The world has not ended because she's doing VT. Watch movies, read to her, talk with her. When is she supposed to finish? If the therapy is taking too long, do more homework or look for retained reflexes.


Edited by PeterPan, 06 February 2018 - 12:13 AM.


#4 alisoncooks

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Posted 06 February 2018 - 01:32 PM

I have a 4th grader...reading on a 2nd grade level. I still call her a 4th grader.

#5 sangtarah

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Posted 06 February 2018 - 02:37 PM

So I need to say this right...

”Dear Grandma, thanks for helping teach dd8 on occasion, but please don’t tell her she can’t be a fourth grader next year because she isn’t doing third grade work very well. Please stop using shame to motivate her to work up to your standards. We are working where she’s at and moving forward as she does.”

What do you think?

#6 PeterPan

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Posted 06 February 2018 - 02:43 PM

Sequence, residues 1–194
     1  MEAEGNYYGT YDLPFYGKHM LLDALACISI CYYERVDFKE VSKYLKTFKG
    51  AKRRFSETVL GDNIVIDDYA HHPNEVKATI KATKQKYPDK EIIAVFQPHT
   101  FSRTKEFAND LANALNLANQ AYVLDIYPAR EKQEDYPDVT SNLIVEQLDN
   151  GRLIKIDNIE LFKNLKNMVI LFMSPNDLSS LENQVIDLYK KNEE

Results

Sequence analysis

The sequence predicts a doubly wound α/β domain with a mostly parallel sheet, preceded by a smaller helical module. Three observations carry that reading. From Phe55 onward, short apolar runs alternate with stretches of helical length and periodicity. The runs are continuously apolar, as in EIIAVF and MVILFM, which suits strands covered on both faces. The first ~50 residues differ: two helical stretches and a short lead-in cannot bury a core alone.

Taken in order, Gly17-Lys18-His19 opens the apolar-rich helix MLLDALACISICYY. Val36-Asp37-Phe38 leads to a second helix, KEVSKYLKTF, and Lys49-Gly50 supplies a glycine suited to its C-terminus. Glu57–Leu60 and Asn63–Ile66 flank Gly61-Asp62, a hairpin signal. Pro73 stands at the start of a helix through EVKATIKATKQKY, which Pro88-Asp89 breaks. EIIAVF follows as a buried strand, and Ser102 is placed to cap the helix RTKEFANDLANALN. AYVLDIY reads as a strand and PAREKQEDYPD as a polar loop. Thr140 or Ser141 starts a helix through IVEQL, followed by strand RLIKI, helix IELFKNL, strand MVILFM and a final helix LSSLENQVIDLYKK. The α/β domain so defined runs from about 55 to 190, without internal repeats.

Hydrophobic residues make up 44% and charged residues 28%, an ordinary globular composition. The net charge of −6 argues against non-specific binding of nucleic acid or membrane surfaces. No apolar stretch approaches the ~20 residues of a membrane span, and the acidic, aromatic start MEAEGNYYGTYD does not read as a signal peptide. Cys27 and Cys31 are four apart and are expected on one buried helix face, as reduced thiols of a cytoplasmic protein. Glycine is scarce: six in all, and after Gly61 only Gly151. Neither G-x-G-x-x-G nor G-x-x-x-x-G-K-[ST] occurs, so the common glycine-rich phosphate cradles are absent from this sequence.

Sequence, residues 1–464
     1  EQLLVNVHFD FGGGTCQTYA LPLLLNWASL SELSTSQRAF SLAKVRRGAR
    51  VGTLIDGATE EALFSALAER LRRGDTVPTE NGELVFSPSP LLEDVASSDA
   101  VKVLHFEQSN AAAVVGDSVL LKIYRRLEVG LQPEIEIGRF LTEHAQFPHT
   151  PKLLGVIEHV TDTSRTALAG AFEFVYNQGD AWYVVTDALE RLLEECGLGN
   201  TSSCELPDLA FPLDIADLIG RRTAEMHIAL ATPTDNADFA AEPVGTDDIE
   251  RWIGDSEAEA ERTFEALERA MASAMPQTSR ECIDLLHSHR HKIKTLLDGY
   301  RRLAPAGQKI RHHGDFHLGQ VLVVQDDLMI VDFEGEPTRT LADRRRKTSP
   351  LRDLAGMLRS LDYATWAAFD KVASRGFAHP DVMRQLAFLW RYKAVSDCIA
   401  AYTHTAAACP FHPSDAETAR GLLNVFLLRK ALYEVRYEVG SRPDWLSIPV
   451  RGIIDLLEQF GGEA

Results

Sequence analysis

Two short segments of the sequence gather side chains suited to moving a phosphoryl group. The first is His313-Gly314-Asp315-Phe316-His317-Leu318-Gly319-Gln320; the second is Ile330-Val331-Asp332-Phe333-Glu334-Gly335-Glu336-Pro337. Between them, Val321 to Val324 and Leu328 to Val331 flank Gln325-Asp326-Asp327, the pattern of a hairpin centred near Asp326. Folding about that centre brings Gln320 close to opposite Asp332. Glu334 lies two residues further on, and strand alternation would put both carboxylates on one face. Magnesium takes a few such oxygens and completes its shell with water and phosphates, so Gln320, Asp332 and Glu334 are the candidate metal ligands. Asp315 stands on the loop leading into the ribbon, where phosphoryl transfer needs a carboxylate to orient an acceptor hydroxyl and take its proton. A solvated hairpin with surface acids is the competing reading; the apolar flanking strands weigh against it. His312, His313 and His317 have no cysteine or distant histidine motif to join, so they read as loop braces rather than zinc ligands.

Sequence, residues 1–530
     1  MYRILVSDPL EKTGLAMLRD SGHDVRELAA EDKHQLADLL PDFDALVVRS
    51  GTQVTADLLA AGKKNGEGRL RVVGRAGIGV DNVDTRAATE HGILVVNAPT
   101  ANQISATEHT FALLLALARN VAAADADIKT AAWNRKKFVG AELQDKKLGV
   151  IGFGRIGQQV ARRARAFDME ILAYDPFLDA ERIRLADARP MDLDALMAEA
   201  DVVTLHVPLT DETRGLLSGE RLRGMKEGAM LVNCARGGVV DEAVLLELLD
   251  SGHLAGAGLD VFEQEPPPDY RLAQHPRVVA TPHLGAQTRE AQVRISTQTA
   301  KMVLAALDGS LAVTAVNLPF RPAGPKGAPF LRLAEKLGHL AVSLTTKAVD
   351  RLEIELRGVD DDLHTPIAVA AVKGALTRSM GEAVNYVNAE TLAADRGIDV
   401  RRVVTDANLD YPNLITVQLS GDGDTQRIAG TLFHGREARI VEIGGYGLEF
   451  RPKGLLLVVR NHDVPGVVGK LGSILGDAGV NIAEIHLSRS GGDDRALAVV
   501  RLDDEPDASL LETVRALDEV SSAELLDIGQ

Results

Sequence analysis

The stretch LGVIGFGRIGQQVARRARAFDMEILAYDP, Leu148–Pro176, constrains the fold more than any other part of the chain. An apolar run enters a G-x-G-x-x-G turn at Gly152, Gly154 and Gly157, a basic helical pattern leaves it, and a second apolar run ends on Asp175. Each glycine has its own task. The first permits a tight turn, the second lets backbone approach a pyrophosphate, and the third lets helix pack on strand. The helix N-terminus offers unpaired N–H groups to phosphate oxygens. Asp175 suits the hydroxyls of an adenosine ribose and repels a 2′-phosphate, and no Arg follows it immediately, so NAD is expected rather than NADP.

I don't know, if my MIL (bless her soul, rest in peace, no longer with us) were doing something like that, I would have told her straight up *I* decide grade levels and to lay off that talk completely. 

 

That work dynamic doesn't sound very healthy. Does your dd LIKE working with her? Maybe you should just cut it off entirely or limit her to areas that are not your dd's disability since she's being so unsupportive and unkind. 

 

Logical consequences, boundaries. You are the parent, not grandma.



#7 exercise_guru

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Posted 06 February 2018 - 06:17 PM

So you are homeschooling now? I have told both Grandmas to calm down about their talk. I have a grandma who is unsupportive of my kiddos music instruments and so I tell her gently to stay out and focus on other things. She can be a 4th grader if you homeschool. If that is what you called her then that is what it is. There was a girl in my daughter's class who got in a car accident and missed half the year. They didnt hold.her back but her parents had her do summer school to catch up eapecially with writing and math. If behavior and headaches are an issue I would just commit to homeschool for one more year.